The battle is being keenly watched by other cities for whom a break-up would create a troubling precedent, possibly encouraging citizens “on the right side of the tracks” anywhere to try to follow suit. The city leaders of Baton Rouge are already taking aggressive steps to stop it, notably by recently expropriating land beneath the booming Mall of Louisiana shopping centre that was to be part of St George and a large part of the new city’s tax base.
“It’s a land-grab. It’s like this is the Balkans and it’s absurd,” says Mr Reiney, while insisting that the loss of the mall won’t slow the campaign even though the city may snatch even more land. Baton Rouge, he reasons, would have reasons to be grateful for St George – it would be left with a smaller school district to manage and only by creating it will the current middle-class exodus from the whole metropolitan area be staunched.
Arguments that he and his cohorts are essentially turning back five decades of integration in the South do not much impress him. “I wasn’t alive during the civil rights era and desegregation. I don’t carry that baggage. It was a horrible time, but I can’t do anything about it. What I can do is try to make the present better.”
Derek Christian with his wife Carmencita
Derek Christian, the owner of a car paint shop on the side of Baton Rouge that would be left behind doesn’t look at the St George campaign through a racial lens but he is certainly opposed. “The better thing to do is try to make the city better,” he explains. “Any time you try to break away from something you weaken it – it doesn’t make it stronger. I think it will be destructive to both sides.” If the people on that side of town hate it so much, he says, “why don’t they just leave and live where they feel more comfortable?”
Joshua Fini, 25, is white and also lives in the northern part of town. “I think it’s about class,” he offers.
“They won’t say it but they don’t want their children mixing with poor people. It’s a terrible idea. It isn’t necessary and there is no legal reason to break up the city.”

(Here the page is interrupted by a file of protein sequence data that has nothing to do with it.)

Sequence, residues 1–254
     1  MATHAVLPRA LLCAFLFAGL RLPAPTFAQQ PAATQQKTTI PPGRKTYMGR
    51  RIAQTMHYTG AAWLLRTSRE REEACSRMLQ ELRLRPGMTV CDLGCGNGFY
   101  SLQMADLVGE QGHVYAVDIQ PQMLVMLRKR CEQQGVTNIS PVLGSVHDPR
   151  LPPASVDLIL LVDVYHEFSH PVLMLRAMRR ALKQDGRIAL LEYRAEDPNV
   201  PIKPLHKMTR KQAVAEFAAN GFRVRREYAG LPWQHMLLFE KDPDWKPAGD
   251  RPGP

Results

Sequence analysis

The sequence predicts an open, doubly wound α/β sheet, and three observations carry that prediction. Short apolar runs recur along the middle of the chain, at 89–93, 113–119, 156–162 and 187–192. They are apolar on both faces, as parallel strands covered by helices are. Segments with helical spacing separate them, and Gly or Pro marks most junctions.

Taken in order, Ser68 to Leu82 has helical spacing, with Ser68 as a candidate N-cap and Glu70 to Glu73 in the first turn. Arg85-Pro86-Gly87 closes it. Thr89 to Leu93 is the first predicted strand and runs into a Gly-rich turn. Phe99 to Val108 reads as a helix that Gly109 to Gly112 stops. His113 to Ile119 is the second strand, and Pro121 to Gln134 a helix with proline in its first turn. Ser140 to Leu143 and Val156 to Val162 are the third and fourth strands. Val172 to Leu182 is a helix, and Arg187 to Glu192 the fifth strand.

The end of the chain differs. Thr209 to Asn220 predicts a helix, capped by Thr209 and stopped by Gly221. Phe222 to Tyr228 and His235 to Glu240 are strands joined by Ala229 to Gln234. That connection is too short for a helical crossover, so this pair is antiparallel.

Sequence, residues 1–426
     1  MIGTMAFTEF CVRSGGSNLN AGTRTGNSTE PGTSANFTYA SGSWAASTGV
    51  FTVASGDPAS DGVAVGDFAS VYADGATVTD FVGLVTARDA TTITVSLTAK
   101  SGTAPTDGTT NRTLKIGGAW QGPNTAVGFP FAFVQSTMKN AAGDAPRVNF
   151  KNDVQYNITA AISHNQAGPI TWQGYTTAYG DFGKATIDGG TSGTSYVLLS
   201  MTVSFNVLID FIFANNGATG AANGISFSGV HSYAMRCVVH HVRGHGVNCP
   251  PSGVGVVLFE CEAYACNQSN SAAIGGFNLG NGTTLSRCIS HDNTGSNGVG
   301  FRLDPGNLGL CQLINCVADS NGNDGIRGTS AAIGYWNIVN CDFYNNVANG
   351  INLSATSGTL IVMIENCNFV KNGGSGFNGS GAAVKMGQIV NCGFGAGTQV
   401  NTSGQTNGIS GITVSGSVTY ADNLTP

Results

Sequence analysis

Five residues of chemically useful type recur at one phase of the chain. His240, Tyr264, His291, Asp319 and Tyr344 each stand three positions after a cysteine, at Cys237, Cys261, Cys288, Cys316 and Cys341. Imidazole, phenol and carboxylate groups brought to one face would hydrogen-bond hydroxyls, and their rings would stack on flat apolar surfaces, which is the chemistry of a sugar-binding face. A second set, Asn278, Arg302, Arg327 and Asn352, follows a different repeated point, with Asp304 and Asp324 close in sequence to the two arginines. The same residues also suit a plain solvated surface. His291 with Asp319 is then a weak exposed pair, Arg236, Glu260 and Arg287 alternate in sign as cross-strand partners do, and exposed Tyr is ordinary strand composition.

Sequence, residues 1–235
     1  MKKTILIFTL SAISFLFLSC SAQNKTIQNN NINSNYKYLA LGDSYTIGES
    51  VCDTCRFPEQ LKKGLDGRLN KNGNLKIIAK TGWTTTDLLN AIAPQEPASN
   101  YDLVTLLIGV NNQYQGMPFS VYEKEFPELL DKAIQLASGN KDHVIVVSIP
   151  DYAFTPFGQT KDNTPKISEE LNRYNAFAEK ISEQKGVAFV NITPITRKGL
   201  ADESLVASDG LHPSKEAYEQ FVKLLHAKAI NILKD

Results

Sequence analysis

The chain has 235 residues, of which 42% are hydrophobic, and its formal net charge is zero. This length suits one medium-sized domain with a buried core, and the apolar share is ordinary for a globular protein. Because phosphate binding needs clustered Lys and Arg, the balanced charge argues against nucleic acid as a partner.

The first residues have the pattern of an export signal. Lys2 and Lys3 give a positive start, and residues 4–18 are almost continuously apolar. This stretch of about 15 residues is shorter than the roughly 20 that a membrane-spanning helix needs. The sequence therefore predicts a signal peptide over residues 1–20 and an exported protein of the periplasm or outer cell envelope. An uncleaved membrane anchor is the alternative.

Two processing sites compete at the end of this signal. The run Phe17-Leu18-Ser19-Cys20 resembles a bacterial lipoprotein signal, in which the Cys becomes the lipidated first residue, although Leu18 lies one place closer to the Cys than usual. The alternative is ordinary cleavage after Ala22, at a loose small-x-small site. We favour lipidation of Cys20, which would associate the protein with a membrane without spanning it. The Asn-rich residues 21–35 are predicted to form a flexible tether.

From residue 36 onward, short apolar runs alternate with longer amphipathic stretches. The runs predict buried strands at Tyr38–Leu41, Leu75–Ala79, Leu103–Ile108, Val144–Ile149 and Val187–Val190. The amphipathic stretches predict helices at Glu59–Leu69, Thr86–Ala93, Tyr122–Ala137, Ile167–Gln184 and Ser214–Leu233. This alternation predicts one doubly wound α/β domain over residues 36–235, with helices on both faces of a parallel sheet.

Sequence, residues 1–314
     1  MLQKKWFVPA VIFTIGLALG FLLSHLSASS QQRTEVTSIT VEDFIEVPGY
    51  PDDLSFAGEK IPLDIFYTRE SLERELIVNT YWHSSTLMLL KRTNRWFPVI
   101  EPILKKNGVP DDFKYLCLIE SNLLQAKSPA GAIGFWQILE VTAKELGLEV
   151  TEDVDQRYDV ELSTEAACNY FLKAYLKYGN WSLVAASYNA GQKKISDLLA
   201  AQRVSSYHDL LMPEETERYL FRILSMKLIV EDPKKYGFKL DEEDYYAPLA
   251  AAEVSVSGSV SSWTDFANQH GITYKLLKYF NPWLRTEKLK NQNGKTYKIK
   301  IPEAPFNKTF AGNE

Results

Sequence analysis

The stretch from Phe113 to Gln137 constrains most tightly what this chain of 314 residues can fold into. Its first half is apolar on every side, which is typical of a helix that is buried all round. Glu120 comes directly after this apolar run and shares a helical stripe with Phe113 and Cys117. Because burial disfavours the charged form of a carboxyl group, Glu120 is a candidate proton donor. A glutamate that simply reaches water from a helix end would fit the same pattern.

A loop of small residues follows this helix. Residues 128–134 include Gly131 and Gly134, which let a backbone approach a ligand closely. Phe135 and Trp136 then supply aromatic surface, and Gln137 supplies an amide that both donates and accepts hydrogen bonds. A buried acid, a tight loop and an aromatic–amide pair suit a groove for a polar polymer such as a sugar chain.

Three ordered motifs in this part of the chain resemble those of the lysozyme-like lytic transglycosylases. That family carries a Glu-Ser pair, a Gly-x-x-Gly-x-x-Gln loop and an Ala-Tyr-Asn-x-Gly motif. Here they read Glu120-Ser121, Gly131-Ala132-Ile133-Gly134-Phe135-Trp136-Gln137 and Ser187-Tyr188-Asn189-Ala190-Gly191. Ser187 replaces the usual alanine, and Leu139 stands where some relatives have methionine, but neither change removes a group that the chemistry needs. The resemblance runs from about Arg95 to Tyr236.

If opponents of St George don’t evoke racism or even snobbery, they might just ask if its supporters aren’t guilty at the most basic level of selfishness, trying to cast off from the rest of the city without a care for what happens to it.
“My heart breaks for a lot of people who are now living in the city of Baton Rouge and especially for the children,” responds Mr Reiney. “But at some point you have got to ask, do you just let the whole ship go down? And when did it become a bad thing in this country to try and do right by your child?”
Breakaway districts: Prosperous suburbs split off
Similar efforts have surfaced in the past two years in Georgia, Alabama, Texas and Tennessee.
Trussville, Alabama, is a wealthy white suburb that broke away from the county schools system in 2005.
Two Birmingham suburbs have left the county system in the past two years. The small middle-class town of Gardendale, Alabama, voted in 2013 to secede from the Jefferson County school district and then to raise taxes on itself. About 88 per cent of Gardendale residents are white, while more than 42 per cent of Jefferson County residents are black.
Next autumn, the predominantly white Alabama community of Pike Road, with only 6,500 residents, will open its first school after splitting from Montgomery County Public Schools, where 83 per cent of its 32,000 students are either African-American or Latino.
In Atlanta, Georgia, new districts have been proposed by Dunwoody, which is part of DeKalb County schools. Since the mid-2000s, six suburban, predominantly white areas outside Atlanta became cities.
In 2012, residents of Brookhaven decided to incorporate what had been a mostly white neighbourhood in the 55 per cent black DeKalb County into their town.